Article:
What does a portrait of Israeli society mid-2018 look like? This is a country that has, proportionately, the most number of Jews compared to the United States, but it is not a Jewish country. It is more appropriate to characterize it as a country with a prevalent anti-Zionist atmosphere.
The High Court of Justice functions as the executor of decisions to evacuate settlements, as if on an assembly line. With nary a warning, some 2,500 police show up to empty a few homes in Netiv Ha’avot or an outpost near Tapuach. At Tel University, playing or singing “Hatikvah,” Israel’s national anthem, is forbidden. I suppose that if this was done behind closed doors, without an anti-Semitic public offended by the words having to hear it, it would be permissible to sing the anthem.
In the south, across a wide swathe of land adjacent to the Gaza Strip, dozens of fires rage daily. Fields are burning. A farmer’s entire world goes up in flames. Meanwhile, the children of Kibbutz Nir Am send balloons carrying candy to the peace-seeking people of Gaza. The Israel Defense Forces behave appropriately and ask the civilians how to handle the fires.
Destroying agriculture and burning fields and crops were always among the Arabs’ primary goals in their war on the Jewish community in Israel, ever since the granary at Kibbutz Tel Yosef was set ablaze and pillars of smoke rose from Kibbutz Beit Alfa during the Arab riots of 1929.
Until recently, every platoon commander in the IDF knew how to handle terrorist attacks of this sort. Today, the army’s General Staff, GOC Southern Command, the Gaza Division and the chief consultant on gender issues at IDF headquarters in Tel Aviv are all awaiting instructions.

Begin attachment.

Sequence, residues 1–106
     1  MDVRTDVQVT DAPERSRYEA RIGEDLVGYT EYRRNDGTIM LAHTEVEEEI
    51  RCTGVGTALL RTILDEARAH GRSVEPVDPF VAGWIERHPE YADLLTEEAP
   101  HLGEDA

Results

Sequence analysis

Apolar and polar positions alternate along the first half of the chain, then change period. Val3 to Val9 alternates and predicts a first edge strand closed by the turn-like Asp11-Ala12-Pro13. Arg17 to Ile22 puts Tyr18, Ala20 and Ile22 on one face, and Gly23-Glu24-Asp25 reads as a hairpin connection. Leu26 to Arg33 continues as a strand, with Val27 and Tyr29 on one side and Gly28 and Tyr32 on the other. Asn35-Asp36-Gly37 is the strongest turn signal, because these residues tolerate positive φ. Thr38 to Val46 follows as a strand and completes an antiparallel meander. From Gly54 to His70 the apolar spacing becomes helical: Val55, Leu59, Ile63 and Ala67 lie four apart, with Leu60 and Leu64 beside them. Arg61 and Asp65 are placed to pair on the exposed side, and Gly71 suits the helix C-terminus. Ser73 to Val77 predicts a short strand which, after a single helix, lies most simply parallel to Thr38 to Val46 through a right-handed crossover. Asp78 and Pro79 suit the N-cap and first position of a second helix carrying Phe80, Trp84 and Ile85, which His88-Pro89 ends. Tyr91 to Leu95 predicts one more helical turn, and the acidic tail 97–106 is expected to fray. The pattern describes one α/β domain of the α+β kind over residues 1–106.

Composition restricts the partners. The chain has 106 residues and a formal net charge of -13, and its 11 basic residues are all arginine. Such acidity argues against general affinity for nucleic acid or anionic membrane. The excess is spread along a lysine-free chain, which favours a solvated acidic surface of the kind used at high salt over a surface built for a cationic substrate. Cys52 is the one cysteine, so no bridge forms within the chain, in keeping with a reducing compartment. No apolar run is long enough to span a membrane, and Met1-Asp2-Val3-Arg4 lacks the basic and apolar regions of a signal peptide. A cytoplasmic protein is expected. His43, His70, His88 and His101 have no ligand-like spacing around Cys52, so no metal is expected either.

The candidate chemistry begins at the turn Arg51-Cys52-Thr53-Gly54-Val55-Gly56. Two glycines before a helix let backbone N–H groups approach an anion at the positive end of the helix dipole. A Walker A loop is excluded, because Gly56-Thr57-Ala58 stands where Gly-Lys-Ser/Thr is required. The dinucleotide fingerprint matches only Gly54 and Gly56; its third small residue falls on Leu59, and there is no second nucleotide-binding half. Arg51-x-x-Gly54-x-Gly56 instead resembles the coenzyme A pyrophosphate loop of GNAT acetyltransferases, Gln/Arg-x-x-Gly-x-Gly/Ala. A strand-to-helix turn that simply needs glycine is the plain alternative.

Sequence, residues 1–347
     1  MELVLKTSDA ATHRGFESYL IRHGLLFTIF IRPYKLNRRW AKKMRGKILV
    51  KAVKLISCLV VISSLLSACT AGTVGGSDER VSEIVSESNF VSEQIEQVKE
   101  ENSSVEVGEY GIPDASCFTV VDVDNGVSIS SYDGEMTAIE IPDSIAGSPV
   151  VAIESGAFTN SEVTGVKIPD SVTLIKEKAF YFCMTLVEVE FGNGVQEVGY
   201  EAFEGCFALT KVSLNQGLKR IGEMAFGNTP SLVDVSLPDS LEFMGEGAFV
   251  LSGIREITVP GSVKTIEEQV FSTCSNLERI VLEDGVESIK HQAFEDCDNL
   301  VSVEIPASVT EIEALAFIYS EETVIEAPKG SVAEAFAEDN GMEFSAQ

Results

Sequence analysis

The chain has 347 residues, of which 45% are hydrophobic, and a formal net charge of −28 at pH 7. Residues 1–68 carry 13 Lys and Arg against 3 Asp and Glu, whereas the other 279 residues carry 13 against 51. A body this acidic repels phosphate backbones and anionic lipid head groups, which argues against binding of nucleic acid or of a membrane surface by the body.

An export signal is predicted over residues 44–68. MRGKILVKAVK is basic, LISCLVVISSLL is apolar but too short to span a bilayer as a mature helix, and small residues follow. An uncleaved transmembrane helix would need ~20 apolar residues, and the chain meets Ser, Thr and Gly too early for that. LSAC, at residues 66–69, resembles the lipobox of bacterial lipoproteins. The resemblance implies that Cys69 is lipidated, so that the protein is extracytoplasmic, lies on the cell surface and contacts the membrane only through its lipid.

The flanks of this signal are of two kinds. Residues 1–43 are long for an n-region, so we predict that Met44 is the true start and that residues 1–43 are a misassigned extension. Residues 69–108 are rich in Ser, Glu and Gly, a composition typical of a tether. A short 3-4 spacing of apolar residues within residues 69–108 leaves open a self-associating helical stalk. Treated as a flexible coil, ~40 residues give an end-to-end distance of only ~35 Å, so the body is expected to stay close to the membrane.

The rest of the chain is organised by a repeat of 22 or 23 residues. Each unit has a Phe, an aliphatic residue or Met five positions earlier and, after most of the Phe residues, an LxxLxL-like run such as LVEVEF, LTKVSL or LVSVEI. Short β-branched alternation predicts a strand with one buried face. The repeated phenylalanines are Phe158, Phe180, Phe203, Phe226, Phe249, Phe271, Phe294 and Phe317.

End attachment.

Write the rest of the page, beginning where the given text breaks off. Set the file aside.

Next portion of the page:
The political echelon must provide a directive, a strategic plan and define goals. How should terrorists carrying out arson attacks be confronted? What should be done with the enemy’s leaders, who have discovered the strategic, game-changing ploy of fence riots and incendiary kites? Every level of command is kicking this problem up the chain to receive approval.
Hamas’s strategy is succeeding for now. While Israel has managed to prevent fence breaches, it seems to have lost sovereignty over the border area. The impression is that the government is not in control over the wide stretch of burning land around Gaza. And if it is not in charge on the border and the burning fields, where is it sovereign?
This loss of sovereignty over the border area is reminiscent of the years preceding the Second Lebanon War, when Hezbollah terrorists controlled the villages in south Lebanon next to the Israeli border. This undermined stability until war eventually erupted. The same could also happen in the Gaza Strip if the Israeli government has indeed lost its ability to make decisions.
In recent years, IDF Chief of Staff Maj. Gen. Gadi Eizenkot has boasted a policy of preserving sovereignty over the border and adjacent areas. On the Gaza border, he has failed. And this failure belongs to the entire leadership echelon—from the prime minister on down.
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